Wednesday, December 5, 2007

Alison Clouston & Boyd

Body of Water
polypipe + fittings, rubber, wood, hydrophones, headphones, batteries + cable approx 20m x 20m

Water moves through our bodies and the landscape in a network of creeks, veins, rivers, and arteries. "Body of Water" allows us to eavesdrop on the secret hydrology of the river as well as our own bodies which are at least 70% water.

Visitors were invited to try on the headphones provided at the coracles, or circular boats, drawn up on the creek bank at Undercliff winery, and listen through the hydrophone – a microphone under the water and then place the on-land hydrophone on their own belly and listen. The resulting soundscape contained the mysterious sounds and signs of life and health in body and water – the clicks and squeaks of turtles, tadpoles or freshwater invertebrates, and the strange and funny music of the human innards. The flotilla of small vessels carries the hydrophone out to the depths of the water: Like us, adrift, and vulnerable to the currents of change.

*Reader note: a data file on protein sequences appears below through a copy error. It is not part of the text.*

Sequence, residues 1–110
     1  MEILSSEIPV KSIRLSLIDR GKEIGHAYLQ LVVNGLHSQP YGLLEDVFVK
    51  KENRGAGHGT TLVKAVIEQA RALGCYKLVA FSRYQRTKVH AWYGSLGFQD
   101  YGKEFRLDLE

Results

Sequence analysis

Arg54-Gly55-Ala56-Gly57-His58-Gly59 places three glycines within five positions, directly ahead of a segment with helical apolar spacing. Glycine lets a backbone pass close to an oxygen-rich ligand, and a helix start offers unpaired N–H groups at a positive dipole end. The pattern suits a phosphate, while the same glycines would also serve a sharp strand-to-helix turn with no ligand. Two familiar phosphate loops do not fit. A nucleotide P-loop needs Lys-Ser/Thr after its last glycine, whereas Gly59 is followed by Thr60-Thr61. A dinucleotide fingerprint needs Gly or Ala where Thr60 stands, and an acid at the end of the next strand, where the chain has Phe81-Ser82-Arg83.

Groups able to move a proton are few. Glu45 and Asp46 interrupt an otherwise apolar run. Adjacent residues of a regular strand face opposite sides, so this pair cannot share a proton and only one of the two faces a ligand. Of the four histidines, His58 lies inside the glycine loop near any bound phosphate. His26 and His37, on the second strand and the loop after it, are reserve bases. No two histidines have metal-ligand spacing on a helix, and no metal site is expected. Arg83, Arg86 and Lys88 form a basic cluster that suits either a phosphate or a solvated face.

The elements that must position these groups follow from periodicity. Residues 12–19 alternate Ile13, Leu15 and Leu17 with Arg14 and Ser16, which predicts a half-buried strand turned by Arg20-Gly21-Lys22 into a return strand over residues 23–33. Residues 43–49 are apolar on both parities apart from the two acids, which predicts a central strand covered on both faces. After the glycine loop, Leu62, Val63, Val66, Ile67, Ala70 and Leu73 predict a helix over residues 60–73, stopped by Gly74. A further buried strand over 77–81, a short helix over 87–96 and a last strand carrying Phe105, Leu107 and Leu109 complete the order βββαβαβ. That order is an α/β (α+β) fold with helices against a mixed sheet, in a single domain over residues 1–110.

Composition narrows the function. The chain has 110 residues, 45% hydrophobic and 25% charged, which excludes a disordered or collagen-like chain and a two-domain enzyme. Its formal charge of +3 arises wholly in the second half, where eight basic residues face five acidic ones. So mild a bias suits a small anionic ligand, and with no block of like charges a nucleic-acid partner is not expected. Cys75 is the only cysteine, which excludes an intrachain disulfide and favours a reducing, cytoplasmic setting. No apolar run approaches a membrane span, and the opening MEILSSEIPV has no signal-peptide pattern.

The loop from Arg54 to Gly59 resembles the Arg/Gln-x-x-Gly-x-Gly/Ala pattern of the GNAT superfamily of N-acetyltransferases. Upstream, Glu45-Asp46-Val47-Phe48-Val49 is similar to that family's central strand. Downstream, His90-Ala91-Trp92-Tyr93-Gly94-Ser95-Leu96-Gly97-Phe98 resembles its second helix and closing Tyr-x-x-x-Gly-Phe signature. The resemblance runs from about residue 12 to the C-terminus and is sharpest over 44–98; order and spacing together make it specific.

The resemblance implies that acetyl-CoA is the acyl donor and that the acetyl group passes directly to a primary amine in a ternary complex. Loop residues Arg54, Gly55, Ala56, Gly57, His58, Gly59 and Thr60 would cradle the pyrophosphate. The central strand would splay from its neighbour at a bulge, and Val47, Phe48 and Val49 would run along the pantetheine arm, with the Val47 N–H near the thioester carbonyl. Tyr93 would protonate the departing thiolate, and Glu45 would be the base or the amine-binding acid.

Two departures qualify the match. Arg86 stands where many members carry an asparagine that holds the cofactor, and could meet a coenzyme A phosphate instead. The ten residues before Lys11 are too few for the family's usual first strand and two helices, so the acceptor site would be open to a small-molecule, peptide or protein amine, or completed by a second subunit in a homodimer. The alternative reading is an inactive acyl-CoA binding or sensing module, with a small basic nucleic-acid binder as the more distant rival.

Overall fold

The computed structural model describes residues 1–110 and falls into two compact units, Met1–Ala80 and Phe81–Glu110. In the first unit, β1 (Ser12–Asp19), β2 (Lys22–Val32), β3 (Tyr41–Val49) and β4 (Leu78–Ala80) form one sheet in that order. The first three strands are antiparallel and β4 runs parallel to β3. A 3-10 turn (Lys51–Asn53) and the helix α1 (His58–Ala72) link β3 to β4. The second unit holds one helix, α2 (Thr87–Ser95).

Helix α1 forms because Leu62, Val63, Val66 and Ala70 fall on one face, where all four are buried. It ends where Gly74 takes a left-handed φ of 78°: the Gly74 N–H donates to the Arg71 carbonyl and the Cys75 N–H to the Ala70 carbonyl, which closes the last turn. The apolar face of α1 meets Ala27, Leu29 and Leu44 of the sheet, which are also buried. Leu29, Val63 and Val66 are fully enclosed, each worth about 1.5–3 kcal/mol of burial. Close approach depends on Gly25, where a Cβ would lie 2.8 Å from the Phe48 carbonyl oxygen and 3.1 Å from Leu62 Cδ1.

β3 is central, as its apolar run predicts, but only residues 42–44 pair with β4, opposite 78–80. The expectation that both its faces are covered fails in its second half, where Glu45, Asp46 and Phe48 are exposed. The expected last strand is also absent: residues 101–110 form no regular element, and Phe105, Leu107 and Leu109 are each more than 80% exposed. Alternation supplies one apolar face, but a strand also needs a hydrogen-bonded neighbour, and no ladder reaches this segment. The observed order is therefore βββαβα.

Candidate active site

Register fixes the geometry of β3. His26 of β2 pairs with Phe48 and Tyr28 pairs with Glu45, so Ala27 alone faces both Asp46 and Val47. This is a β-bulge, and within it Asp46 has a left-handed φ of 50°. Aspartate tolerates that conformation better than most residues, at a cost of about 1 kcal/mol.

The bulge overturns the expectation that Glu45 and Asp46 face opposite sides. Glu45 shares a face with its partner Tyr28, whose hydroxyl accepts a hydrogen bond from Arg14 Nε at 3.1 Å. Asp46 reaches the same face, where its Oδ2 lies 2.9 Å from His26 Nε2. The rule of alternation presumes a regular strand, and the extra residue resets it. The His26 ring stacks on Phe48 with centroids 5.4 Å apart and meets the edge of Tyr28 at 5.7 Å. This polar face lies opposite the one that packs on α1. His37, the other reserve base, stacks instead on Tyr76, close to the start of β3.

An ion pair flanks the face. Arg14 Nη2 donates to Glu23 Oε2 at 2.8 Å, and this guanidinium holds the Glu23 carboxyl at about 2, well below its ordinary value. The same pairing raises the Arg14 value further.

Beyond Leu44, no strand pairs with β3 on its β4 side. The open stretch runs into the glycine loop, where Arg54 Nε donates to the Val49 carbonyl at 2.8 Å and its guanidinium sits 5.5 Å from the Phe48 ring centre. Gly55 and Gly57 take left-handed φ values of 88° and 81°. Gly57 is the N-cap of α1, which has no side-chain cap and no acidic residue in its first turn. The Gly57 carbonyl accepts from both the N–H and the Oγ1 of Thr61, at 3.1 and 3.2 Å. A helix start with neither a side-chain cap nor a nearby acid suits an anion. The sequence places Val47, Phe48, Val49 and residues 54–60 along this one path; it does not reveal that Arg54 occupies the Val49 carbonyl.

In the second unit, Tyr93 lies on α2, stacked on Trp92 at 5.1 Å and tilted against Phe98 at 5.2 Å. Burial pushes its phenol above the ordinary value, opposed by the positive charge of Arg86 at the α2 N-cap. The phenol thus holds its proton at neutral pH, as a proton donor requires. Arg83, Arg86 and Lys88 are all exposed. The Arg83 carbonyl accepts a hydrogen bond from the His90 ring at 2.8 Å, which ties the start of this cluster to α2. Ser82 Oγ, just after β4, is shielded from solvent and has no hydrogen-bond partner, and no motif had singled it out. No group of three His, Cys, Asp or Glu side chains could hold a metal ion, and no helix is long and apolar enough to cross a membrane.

Alison and Boyd conducted a Greenhouse emissions audit on the presentation of "Body of Water" at Sculpture in the Vineyards in 2007, with the full report published in the exhibition catalogue as an integral part of the completed work. I have included as an example the ways in which they offset emissions for SinV and previous projects based on the results of the audit.

SinV Offset cost: A $100 donation to Get Up towards an advertising campaign urging people to consider the policy on climate change of candidates in the forthcoming federal election.

Offset cost for previous projects: For the construction of "World Tree" for Goulburn Regional Gallery showing $82.50 was paid to for an accredited green power project, in this case a Turkish wind farm. 20% of this money is used for administration. For the Sydney University showing we decided to donate $100 to the Alternative Energy Association International Projects Group to undertake a solar system upgrade for the Soibada Orphanage in East Timor. This upgrade will enable the orphanage to replace the use of diesel fuel power generation with solar.

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